For example, when Tony Romo retired after 2016, he still had $19.6 million in guaranteed money owed to him. Dallas chose to split this dead money over two years, and thus had a $10.7 cap penalty in 2017 and $8.9 million last season.
But now Romo's dead money, along with Dez Bryant's and several other players, is coming off the Cowboys' books. The result is a roughly $30 million infusion of salary cap space for 2019.
Here were the major culprits for last year's dead money:
(All cap figures are taken from Spotrac.com)
- QB Tony Romo - $8.9 million
- WR Dez Bryant - $8 million
- DT Cedric Thornton - $2.5 million
- CB Orlando Scandrick - $2.3 million
- CB Nolan Carroll - $2 million
- WR Deonte Thompson - $1.8 million
- DE Benson Mayowa - $1.1 million
- K Dan Bailey - $800 thousand
- TE James Hanna - $750 thousand
Those players alone make up a little over $28 million. Another $4 million or so came from over 30 players with lesser penalties that still added up.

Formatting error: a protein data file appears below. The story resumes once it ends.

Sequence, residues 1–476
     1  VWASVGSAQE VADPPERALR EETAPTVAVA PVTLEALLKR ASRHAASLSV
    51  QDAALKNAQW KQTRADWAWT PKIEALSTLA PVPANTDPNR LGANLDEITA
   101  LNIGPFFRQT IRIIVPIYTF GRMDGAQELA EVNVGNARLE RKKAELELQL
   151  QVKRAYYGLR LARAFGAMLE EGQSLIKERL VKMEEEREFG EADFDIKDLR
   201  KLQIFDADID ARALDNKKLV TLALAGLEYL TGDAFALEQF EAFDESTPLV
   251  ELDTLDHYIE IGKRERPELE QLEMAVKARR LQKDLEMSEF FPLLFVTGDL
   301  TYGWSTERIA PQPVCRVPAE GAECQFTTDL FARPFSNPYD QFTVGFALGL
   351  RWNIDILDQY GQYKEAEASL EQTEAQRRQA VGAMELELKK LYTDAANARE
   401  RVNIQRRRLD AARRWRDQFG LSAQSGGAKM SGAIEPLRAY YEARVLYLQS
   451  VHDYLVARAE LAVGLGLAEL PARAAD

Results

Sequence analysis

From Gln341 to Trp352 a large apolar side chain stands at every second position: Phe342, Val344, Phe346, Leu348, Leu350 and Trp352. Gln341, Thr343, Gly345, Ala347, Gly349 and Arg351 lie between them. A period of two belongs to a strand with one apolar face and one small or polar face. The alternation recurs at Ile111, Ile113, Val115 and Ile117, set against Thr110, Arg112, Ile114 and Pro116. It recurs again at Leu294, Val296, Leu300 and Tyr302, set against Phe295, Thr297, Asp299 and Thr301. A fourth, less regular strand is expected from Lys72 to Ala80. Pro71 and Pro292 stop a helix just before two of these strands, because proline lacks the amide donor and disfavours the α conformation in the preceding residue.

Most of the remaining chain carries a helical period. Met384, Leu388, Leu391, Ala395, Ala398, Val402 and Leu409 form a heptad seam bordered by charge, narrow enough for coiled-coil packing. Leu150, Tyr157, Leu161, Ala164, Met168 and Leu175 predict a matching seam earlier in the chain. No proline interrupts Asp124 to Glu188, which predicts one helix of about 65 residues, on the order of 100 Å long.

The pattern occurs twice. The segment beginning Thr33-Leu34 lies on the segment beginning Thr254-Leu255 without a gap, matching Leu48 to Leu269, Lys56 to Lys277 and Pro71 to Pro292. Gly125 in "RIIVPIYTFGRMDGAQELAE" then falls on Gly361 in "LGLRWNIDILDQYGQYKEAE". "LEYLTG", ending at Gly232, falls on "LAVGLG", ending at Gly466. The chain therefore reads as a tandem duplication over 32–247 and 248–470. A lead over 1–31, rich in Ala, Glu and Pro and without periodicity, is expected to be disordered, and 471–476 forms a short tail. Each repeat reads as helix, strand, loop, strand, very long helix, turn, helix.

Right now, the Cowboys have only $1.76 million in dead money on their 2019 salary cap. Nearly all of that is the $1.6 million still owed to Orlando Scandrick.
That difference is where the cap space comes from, and it will be of tremendous help to Dallas as they have major financial moves coming. They need to re-sign DeMarcus Lawrence, deal with a major salary bump for Amari Cooper, and consider a contract extension for Dak Prescott.